Over the past two years, I have been fortunate enough to travel to many different extraordinary destinations. From the lesser known coastal towns of the Balkans to the ancient cities of the Middle East – I’ve seen a lot outside of Kansas City.
One of the most distinct places that immediately comes to mind has to be Italy. With the ruins of the Colosseum and the timeless cathedrals, Italy can be described as truly atmospheric. And while sites like the Vatican and the Trevi Fountain are packed with tourists, they are absolutely mandatory for visitors…at least once.
Second-to-None Cuisine and Sightseeing
After sightseeing and observing the differences in cultures, trying new foods has to be one of my favorite things about traveling – and what is Italy known for if not their beloved food? It’s a cuisine that has been carefully perfected and preserved over centuries. Their attention and attitudes toward quality is astounding and drastically different than typical restaurants that you would find in Kansas City, or the U.S. in general. It’s a quality that Italian chefs take great pride in.
The first thing you’ll notice about authentic Italian cuisine is that it isn’t all pizzas and pastas. Sure, those are classic staples, but Italian dishes outside of the states consist of vegetables, rice, and seafood. The carb-heavy American approach to Italian food is far from a true representation of the Mediterranean peninsula.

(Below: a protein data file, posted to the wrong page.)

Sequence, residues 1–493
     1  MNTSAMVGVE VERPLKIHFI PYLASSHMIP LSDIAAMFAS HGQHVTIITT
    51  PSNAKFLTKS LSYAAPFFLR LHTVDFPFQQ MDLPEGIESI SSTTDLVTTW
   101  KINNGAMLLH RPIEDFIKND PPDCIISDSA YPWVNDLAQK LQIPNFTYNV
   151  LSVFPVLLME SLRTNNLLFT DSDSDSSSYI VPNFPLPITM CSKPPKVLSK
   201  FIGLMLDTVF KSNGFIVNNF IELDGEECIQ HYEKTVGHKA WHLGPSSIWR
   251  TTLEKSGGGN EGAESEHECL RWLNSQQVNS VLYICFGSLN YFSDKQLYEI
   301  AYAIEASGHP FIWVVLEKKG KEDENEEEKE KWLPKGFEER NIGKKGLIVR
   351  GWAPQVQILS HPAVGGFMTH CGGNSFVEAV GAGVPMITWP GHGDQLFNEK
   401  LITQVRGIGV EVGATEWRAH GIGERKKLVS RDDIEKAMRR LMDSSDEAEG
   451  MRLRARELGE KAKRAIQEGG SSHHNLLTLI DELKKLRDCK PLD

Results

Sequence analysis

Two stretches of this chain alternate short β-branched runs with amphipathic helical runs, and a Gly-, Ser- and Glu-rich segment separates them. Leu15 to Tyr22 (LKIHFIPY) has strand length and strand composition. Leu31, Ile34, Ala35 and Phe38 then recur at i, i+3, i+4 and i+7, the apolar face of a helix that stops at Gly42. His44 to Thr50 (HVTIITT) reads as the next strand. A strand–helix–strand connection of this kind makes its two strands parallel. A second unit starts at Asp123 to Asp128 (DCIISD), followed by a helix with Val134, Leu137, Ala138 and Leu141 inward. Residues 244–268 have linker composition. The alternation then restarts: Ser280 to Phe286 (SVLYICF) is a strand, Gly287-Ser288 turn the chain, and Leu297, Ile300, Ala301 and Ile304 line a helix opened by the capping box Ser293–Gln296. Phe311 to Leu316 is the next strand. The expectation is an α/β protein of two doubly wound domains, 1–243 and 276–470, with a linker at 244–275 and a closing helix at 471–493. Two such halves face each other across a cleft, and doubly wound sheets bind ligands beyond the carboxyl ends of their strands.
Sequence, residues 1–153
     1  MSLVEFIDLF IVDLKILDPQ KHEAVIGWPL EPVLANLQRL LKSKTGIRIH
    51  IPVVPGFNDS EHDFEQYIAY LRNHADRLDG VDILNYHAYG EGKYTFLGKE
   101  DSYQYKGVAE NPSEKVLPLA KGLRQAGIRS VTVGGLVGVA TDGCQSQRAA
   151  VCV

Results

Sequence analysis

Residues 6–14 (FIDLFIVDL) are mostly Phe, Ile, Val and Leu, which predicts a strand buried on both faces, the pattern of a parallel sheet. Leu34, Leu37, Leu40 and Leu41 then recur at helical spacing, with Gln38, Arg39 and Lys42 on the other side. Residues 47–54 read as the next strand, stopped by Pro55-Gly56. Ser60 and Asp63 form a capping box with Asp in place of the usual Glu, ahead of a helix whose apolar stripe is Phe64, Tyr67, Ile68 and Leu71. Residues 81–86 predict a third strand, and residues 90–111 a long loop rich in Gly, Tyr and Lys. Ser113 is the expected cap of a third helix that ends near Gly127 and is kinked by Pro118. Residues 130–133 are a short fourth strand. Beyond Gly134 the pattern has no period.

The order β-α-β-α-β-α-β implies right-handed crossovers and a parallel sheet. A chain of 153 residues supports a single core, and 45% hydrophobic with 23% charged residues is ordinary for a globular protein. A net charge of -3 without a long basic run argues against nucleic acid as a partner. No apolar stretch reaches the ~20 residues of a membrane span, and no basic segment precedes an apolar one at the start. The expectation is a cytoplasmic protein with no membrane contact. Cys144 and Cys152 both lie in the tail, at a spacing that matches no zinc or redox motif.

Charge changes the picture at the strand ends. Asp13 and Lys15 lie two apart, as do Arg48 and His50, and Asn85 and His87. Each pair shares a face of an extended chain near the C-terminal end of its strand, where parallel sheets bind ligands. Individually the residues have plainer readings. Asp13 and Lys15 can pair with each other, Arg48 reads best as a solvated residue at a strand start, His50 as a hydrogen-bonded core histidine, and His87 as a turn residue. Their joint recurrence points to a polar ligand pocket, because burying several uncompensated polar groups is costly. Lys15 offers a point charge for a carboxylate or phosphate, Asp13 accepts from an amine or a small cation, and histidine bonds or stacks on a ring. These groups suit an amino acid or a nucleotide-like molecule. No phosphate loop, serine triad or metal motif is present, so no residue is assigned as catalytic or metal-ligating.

Also, in Italy, less is more. They focus on quality, taste and nourishment as opposed to how much they can put onto a plate. There’s a reason why the Italian island of Sardinia is included in the areas labeled as “Blue Zones,” where people live far longer and healthier lives.
In addition to the variety of foods, Italy is incredibly diverse from region to region. There’s an ocean of difference between the rolling green hills of Tuscany’s wine country and the sun-kissed villages along the Amalfi coast. Milan is often regarded as the fashion capital of the world. Florence is known for its rich history and artists. Venice, of course, is a town largely built on sunken streets and this time of year is filled with tourists who line up to travel the canals by gondola.
No matter where you go in Italy, it’s fascinating to see how a relatively small country can be so unique from town to town.
Hold the Phone
Finally, one last note for those thinking of visiting Italy:
Like with all traveling, what is it that we remember most? It’s not the hotels, the photos on our phones or the t-shirts from famous hotspots. It’s the raw experiences and memories. Italy is a beautiful place with many things to see and do. My advice to anyone thinking of visiting is to take your time and avoid the luring “comforts” of modern traveling.
I enjoy nice hotels and attractions as much as the next person, but they can detract from the experience if you’re not careful.
It’s okay to go without Wi-Fi for just a moment, to get out and enjoy the many offerings of one of Europe’s most historic places. Don’t just try to cram in all of the tourist attractions and destination. Maybe take a walk off of the beaten path or two.
The whole idea is to see and do things that take you out of your average day and the mindset of passive consumption.